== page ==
Spherix: Playing The Patent Game

| About: Spherix Incorporated (SPEX)
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Spherix boasts a hefty portfolio of technology patents.

Spherix placed its biggest bet ever in March, when it filed a lawsuit against Cisco Systems.

Intellectual Property lawsuits are a battlefield, with often-mammoth sums at stake.

For many companies, patent lawsuits are a curse. For Spherix (NASDAQ: SPEX), they're a lifeblood.

Headquartered in Tysons Corner, VA, Spherix monetizes intellectual property (IP) through lawsuits and licensing revenue.

Spherix boasts a hefty portfolio of technology patents. Most of these patents were developed at Nortel Networks and Harris Corporation (NYSE: HRS), relating to industries such as wireless communications, pharmaceuticals, life sciences, and sports supplements.

This year, investors have been getting in line to profit from the lawsuit bonanza by purchasing shares in IP firms. Spherix is poised to reap huge financial windfalls - and experience a concomitant jump in its stock price - if judges go its way.

Spherix placed its biggest bet ever in March, when it filed a lawsuit against Cisco Systems (NASDAQ: CSCO) for the infringement of 11 patents Spherix acquired last year from Nortel, a bankrupt telecom.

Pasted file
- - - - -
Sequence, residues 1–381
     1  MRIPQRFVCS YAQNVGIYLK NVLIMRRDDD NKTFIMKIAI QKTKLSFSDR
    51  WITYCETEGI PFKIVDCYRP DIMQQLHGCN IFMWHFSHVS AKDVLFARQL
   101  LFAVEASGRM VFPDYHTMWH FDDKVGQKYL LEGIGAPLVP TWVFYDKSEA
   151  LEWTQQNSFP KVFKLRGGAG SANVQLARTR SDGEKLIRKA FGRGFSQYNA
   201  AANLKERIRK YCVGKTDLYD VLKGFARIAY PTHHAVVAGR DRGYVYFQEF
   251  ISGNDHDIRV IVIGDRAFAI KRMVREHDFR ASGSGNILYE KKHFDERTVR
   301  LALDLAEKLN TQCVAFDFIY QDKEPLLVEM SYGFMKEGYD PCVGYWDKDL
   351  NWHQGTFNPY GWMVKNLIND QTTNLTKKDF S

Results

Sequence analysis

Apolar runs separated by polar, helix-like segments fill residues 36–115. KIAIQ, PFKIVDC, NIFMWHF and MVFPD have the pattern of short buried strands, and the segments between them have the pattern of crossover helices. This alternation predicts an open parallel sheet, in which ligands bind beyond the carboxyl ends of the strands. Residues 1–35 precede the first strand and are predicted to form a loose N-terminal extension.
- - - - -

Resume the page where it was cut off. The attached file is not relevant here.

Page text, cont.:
Cisco is dominant in technologies that make the extended corporate enterprise possible; it's also a pioneer in creating computer defenses along the extended outreaches of these "virtual" empires.

Cisco controls 64 percent of the global market for networking equipment and is a leader in the rapidly expanding field of corporate security.

With total revenue in fiscal 2013 of $48.6 billion, Cisco is one of the biggest suppliers of Internet-based networking products. The company's routers and switches are pervasive in offices, classrooms and government offices around the globe.

Spherix alleges that the patent infringement represented a "vast majority" of Cisco's more than $43 billion in sales of routers and switches in the United States over the five years ended July 27, 2013.

Representing Spherix in the Cisco litigation is the national law firm Cozen O'Connor, which employs a small army of 600 attorneys in about two dozen cities around the world.

If Spherix wins against Cisco, the victory would constitute a serious payday for Spherix and its shareholders.

The Digital Battlefield

In 2012, the United States Patent & Trademark Office estimated that the worth of intellectual property to the US economy is more than $5 trillion.

The brazen pirating of proprietary technology has reached epidemic proportions in the digital age, spawning a growing number of companies that legally lock up certain technologies with the intention of suing other companies that purposely (or inadvertently) infringe on their patents.

IP lawsuits are a battlefield, with often-mammoth sums at stake. According to the World Intellectual Property Organization, the annual global IP licensing market has mushroomed from $2.8 billion in 1970 to roughly $200 billion today.